Just when all those alchemic powers in Europe seemed to have served him once again, Rafael Benitez's makeshift and ramshackle Liverpool defence was revealed for what it is last night.
That it held to together with glue and sticky tape for 90 minutes only compounds the despair he will feel as a second injury-time goal in successive encounters with Lyons sends them all but out of the Champions League. Dreams of Madrid in May are fast being revised to Hamburg, and a Europa League final at best.
Liverpool's defensive injury list was always a more significant underlying concern for them than Fernando Torres' fitness, or lack of, and Benitez appeared to have got away with it when his substitution conjured a wonderful 25-yard goal from Ryan Babel seven minutes from time and allowed Torres to leave the arena.
Then the horrible reality revealed itself. When a £24m Brazilian striker, Lissandro, is up against your fourth choice central defender (Sotiris Kyrgiakos) and a half fit one (Daniel Agger) the percentages are always weighed against you, even if your name is Benitez and you are sitting in a European dugout. Lissandro beat Kyrgiakos to the ball which bounced agonizingly off the Lyons captain Cris into the net. Bastos was offside when he made his header but no matter now. Lyons are though to the knock-out stage and Liverpool are relying on them not to lose in Fiorentina in 19 days time, to preserve what fragile hopes they have left on progressing.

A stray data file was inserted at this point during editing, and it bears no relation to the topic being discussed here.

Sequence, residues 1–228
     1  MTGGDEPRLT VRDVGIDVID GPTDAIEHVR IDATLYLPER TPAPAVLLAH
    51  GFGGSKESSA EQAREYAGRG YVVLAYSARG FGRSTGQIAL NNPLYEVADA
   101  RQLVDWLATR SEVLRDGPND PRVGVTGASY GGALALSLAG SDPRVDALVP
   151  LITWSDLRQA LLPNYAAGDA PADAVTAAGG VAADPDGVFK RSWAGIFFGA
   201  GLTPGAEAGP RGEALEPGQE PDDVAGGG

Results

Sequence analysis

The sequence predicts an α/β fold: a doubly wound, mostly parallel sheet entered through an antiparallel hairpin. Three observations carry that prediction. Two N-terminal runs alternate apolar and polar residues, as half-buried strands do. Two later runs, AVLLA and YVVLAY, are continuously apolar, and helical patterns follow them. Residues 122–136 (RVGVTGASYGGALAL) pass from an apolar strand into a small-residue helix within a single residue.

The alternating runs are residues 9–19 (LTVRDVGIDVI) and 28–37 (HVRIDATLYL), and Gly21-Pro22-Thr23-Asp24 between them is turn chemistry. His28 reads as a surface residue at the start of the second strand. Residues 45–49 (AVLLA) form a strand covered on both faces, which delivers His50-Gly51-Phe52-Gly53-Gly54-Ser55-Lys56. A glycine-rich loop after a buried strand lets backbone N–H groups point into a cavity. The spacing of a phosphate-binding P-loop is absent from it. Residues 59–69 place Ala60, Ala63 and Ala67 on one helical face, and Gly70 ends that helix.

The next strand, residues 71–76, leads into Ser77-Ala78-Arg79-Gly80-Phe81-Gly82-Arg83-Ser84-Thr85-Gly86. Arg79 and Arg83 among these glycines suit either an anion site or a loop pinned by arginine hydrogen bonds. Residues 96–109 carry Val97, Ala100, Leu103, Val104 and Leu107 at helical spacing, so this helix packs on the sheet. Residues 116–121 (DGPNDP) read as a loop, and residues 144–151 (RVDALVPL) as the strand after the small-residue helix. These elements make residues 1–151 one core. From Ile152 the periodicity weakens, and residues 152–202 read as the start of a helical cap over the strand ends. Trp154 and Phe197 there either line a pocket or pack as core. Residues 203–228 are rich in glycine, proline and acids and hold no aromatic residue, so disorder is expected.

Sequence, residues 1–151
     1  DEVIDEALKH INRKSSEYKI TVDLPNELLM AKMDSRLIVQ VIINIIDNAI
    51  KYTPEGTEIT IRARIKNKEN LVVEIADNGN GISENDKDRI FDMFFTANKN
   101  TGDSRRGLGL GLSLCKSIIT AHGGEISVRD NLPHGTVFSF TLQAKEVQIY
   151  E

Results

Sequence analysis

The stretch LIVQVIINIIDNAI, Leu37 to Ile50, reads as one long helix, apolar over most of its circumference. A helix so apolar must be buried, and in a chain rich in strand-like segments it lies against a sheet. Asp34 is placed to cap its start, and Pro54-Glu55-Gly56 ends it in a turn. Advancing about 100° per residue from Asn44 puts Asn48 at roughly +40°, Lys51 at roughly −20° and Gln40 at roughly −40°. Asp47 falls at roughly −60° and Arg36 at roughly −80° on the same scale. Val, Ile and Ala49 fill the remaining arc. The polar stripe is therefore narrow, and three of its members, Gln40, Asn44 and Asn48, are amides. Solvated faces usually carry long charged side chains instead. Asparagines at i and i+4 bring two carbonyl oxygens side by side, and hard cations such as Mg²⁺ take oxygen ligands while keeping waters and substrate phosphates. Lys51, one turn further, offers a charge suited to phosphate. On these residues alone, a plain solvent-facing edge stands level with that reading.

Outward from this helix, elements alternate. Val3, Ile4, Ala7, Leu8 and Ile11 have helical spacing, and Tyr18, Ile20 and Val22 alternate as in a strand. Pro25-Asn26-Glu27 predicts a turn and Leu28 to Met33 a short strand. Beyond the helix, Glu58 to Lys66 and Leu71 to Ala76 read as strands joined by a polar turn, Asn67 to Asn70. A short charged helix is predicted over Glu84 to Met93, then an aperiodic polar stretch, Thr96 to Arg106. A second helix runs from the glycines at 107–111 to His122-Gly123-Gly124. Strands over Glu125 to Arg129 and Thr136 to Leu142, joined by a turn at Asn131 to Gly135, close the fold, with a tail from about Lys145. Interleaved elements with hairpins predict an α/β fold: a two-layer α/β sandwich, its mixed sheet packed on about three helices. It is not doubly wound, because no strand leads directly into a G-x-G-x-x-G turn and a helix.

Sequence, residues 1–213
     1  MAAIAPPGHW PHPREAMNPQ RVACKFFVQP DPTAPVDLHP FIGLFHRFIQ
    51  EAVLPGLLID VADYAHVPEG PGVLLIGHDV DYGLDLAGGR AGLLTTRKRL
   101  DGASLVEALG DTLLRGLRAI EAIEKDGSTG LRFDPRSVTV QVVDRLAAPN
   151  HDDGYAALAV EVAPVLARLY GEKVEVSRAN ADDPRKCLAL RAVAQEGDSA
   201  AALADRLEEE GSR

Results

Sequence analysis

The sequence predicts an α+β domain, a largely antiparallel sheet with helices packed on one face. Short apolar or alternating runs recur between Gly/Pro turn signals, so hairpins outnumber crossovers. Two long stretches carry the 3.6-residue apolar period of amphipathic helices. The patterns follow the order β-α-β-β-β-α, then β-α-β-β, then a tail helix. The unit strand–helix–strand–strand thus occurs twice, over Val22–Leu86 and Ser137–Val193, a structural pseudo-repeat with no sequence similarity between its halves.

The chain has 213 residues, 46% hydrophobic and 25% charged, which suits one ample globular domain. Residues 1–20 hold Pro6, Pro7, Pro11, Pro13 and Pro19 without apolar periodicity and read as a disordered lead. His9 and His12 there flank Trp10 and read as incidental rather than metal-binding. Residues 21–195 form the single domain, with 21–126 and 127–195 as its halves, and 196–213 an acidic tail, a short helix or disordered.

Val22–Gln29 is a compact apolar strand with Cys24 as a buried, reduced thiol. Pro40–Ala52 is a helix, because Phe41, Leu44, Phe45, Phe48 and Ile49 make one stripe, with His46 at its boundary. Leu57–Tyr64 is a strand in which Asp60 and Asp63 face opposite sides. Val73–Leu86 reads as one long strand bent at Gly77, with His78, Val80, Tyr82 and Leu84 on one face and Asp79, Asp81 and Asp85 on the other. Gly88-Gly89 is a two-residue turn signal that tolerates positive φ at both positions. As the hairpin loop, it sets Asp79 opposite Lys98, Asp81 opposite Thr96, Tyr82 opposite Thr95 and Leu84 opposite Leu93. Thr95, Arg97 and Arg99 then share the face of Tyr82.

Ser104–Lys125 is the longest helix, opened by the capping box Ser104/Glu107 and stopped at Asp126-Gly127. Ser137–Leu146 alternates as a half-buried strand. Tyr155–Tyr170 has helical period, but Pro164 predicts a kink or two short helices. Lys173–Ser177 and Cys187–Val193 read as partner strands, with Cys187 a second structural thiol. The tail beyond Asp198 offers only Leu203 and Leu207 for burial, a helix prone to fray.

The French feared this challenge more than many knew, with Torres restored to a Liverpool side which had so sorely missed him in the 2-1 defeat to Lyons at Anfield. Des Illusions vont s'evanouir (the illusions are going to vanish) was L'Equipe's prediction of the encounter and what it would do for French ascendancy in Group E.
You can see why they felt like that. The two sides who look as if they will beat Liverpool to qualification are no giants of the continent – Lyons are two points behind Bordeaux in the Le Ligue, Fiorentina 10 points off Inter and fifth in Serie A. It is testament to the state Liverpool are in, with seven players injured last night, that they have laboured amid such company.
They barely placed a foot on the ball in the first 10 minutes before discovering a fault line in the left side of French defence, where Insua was allowed two chances to cross dangerously. On the first occasion his low ball found Torres unmarked: a gilt-edged chance but Torres looked like a player carrying a hernia. His right foot shot was uncharacteristically lacking in power.
There was little more after that. It was not so much that the team in white were raising the white flag as they had no ammunition. The Lyons programme listed Steven Gerrard as the "homme a surveiller" (man to watch) and it seemed like a cruel joke as the struggle to fashion an opening went on. This was a day when an interview with Gerrard had been published in which he spoke of how he was "devastated" at Xabi Alonso's departure and Benitez would have felt the sentiment with every occasion that Mascherano, the creative fulcrum, could find only a short or square pass.